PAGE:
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SHEPPERTON CHURCH was a very which a collector of small rents, difdifferent - looking building five-and- ferentiated by the force of circumtwenty years ago. To be sure, its stances into an organist, will accomsubstantial stone tower looks at you pany the alacrity of your departure through its intelligent eye, the clock, after the blessing, by a sacred minuet with the friendly expression of for- or an easy “ Gloria." mer days; but in everything else Immense improvement! says the what changes ! Now, there is a wide well-regulated mind, which uninterspan of slated roof flanking the old mittingly rejoices in the New Police, steeple; the windows are tall and the Tithe Commutation Act, the symmetrical; the outer doors are penny-post, and all guarantees of resplendent with oak-graining, the human advancement, and has no inner doors reverentially noiseless moments when conservative-reformwith a garment of red baize, and ing intellect takes a nap, while imathe walls, you are convinced, no gination does a little Toryism by the


ment on they are smooth and in- brown, crumbling, picturesque ineffinutrient as the summit of the Rev. ciency is everywhere giving place to Amos Barton's head, after ten years spick-and-span new - painted, newof baldness and supererogatory soap. varnished efficiency, which will yield Pass through the baize doors and endless diagrams, plans, elevations, you will see the nave filled with well- and sections, but alas! no picture. shaped benches, understood to be Mine, I fear, is not a well-regulated free seats; while in certain eligible mind : it has an occasional tendercorners, less directly under the fire of ness for old abuses; it lingers with a the clergyman's eye, there are pews certain fondness over the days of reserved for the Shepperton genti- nasal clerks and topbooted parsons, lity. Ample galleries are support- and has a sigh for the departed ed on iron pillars, and in one of shades of vulgar errors. So it is not them stands the crowning glory, the surprising that I recall min fond very clasp or aigrette of Shepperton sap e rton church-adornment-namely, an or- ir gan, not very much out of repair, on o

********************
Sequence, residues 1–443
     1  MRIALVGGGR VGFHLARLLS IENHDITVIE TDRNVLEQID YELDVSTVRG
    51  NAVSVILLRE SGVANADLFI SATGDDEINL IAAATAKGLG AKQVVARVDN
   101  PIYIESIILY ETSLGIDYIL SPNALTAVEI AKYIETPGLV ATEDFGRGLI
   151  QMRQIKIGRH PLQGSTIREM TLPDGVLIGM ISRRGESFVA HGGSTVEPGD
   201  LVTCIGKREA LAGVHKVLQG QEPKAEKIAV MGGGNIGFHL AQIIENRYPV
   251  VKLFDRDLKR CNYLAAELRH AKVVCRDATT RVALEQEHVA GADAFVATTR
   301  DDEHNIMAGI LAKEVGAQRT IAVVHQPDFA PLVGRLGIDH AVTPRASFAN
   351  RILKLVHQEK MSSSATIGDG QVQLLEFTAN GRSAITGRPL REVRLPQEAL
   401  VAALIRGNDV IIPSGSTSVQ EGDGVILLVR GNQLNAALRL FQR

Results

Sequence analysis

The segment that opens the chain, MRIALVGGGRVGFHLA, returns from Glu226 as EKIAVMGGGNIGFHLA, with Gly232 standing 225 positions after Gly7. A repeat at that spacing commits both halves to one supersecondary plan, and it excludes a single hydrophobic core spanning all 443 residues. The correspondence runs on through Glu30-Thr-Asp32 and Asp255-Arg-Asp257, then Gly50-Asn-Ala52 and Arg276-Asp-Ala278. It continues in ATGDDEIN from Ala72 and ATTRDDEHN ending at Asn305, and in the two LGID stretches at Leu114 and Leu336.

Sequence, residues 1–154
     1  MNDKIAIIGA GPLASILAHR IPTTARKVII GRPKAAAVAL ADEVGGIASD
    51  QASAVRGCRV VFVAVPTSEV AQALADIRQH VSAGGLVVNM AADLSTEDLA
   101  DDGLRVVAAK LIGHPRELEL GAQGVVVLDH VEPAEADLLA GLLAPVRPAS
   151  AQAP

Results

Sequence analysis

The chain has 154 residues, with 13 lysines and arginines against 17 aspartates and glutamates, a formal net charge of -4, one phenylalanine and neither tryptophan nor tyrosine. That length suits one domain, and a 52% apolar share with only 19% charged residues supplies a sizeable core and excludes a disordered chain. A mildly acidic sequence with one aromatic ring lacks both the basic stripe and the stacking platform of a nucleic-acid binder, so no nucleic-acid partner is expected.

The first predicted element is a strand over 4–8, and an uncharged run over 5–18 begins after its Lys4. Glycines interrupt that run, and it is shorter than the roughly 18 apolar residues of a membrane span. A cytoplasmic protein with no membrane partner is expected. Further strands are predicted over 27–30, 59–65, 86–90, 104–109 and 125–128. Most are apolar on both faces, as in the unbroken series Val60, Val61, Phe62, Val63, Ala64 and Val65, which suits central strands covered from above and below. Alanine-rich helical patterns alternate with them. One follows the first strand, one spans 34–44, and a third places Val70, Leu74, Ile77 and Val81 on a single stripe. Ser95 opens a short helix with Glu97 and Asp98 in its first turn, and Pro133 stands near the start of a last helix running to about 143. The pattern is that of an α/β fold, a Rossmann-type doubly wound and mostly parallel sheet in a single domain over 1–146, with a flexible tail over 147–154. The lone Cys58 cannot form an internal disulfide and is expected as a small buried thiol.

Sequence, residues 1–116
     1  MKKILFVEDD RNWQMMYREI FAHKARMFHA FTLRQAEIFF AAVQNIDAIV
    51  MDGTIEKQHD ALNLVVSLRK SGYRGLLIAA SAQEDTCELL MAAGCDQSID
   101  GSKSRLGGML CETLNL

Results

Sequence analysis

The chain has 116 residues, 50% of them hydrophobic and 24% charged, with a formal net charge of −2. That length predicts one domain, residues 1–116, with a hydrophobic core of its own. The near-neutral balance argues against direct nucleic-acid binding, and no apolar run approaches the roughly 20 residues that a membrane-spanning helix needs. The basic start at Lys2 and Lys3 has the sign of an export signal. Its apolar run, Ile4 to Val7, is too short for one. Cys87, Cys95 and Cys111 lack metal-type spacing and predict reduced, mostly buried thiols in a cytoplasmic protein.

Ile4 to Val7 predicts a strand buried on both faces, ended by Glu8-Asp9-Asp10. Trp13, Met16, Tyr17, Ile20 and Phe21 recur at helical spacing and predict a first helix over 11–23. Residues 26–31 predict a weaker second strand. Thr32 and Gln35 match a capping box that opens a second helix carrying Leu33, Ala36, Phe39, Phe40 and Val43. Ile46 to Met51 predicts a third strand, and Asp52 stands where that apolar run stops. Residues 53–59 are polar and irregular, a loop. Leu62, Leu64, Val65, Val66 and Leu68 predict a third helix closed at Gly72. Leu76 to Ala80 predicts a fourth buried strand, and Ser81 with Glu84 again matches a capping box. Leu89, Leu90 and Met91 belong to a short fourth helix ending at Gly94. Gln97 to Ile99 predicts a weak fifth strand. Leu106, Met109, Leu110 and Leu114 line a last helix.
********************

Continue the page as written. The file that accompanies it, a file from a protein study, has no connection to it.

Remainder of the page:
VOL. LXXXI.--NO. Ccccxcv.

heterogeneous windows patched with company with a bassoon, two key. desultory bits of painted glass, and bugles, a carpenter understood to its little flight of steps with their have an amazing power of singing wooden rail running up the outer "counter," and two lesser musical wall, and leading to the school- stars, he formed the complement of children's gallery.